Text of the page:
Retrospectives are often an excuse to indulge nostalgia. They're a chance to gaze fondly back at the past through the lens of a book, film or game you particularly enjoyed, and wrap yourself in the warming memories of a better time. By this of course most people mean a time when they were younger and fitter than they are now. Sometimes though it is useful to look back at something for which that nostalgic glow is absent, in order to learn from past mistakes. And I think it's safe to say that , in the decade since its release, time has defined Doom 3 as a mistake.
My own relationship with the game is an odd one. I am fairly certain I enjoyed the game upon release. But during the interceding years I have attempted to return to it several times, and always I give up at the same point. It's the moment when you first encounter the spider-monsters, which even at the time I found about as much fun to fight as a horde of angry 4chan commenters. No matter how many you knock-back, there are always seventeen more hissing at you with their pale, clammy skin and ugly inverted faces, and the endgame plays out the same way, with me switching off the computer and making a cup of tea to soothe my frustration.
Upon noting the game's tenth anniversary this month, I decided to make a special effort. And hurrah! I made it past those damned spiders. But was it worth it? I suppose the honest answer is both yes and no. I've come to the conclusion that Doom 3 is a game made by a studio at the height of its power, and this is the root cause of both its strengths and undermining weaknesses.
Doom 3's primary focus are its production values. It wants to take those basic environments and pixellated monsters from the original and adapt them into a scenario which seems real, which is not necessarily a bad idea, although it is a slightly absurd one, considering it's a game about a mad scientist unlocking the gates to hell, on Mars. I've still got a boxed copy, and reading the blurb provides an interesting perspective of the time "Doom 3 is nothing like you've ever experienced" it says, before going on to list things like "incredible graphics", "never before seen detail with real-time lighting and shadows", "disturbingly lifelike", "real world physics, killer AI and 5.1 surround sound."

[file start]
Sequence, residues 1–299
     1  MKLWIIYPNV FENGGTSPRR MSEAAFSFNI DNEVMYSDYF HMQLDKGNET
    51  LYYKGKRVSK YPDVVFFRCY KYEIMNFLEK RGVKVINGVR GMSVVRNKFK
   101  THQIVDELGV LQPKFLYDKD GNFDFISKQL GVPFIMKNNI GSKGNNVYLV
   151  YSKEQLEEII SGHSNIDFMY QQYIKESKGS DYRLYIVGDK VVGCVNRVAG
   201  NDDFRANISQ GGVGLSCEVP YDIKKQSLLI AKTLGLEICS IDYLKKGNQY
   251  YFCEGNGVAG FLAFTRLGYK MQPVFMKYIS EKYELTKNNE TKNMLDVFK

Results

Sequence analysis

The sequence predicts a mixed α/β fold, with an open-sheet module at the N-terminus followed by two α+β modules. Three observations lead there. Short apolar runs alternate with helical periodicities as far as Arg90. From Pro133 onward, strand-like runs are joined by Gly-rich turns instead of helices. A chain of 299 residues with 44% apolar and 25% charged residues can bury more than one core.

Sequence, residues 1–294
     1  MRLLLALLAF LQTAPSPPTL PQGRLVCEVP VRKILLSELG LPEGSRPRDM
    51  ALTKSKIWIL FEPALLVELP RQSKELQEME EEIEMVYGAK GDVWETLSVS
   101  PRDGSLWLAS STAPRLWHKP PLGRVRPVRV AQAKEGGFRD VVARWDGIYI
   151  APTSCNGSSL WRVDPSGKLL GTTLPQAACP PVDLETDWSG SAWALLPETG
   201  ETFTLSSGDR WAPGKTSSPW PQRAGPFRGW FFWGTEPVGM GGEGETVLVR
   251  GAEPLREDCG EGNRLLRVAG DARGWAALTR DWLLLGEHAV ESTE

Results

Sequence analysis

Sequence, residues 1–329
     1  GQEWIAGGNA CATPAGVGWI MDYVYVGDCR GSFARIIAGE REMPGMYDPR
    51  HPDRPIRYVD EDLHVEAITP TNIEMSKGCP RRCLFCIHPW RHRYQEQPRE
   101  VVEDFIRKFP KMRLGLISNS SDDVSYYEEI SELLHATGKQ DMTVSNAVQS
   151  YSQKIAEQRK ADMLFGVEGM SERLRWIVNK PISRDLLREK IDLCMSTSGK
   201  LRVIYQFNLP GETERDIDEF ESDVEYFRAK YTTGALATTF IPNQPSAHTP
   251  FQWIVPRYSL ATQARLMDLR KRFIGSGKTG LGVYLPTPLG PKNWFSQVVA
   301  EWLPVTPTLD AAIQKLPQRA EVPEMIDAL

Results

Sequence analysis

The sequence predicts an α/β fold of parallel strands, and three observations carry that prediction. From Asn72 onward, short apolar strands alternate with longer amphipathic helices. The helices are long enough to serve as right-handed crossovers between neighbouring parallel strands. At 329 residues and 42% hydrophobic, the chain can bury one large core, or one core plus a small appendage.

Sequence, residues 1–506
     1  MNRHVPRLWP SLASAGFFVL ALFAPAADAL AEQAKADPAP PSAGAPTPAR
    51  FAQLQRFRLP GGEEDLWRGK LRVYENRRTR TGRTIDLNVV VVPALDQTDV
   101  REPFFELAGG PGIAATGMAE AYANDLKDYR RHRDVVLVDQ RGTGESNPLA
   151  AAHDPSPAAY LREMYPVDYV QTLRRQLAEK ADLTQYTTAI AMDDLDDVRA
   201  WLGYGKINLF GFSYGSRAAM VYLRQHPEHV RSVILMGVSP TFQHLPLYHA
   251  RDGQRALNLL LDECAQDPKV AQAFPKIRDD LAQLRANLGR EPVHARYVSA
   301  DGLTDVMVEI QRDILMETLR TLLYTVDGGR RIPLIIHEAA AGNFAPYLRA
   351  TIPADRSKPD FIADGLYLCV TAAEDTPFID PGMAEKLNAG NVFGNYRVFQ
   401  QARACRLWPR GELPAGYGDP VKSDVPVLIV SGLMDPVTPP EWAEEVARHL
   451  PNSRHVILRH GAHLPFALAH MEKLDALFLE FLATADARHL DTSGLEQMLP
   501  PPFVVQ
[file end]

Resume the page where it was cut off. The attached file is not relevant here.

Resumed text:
It's all tech, all machinery. And to be fair, a lot of this is remains impressive. In terms of texturing, everything looks a little like it's made of rubber, but the lighting is still sufficiently moody, the claim about detail rings true, and the animation, both on monsters and the industrial apparatus that hums and whirrs throughout the base is very slick and smooth.
Unfortunately, for the favour of technology, Doom 3 sacrifices design. Its textures and lighting come at the cost of space and speed. The idea that the original Doom was this lickety-split game is something of a myth, but even so Doom 3 is a ponderously paced shooter. It's also visually extremely uninteresting - a series of virtually identical green-grey-brown corridors that make it almost impossible to distinguish between the different areas of the Martian base.
Yet the game's biggest problem is simply that the guns don't feel very good. I still find it difficult to believe that id Software managed to get guns of all things so horribly wrong, but man. The pistol that you begin with may as well be filled with water, the machinegun sounds like it's firing staples, and I think BFG stands for "Blowing Feeble Gusts" for all the satisfaction it provides. Even the better weapons, like the shotgun and the chaingun, are passable rather than pleasurable. It's a remarkable oversight on the developer's part, and there's no question that it damages the overall experience.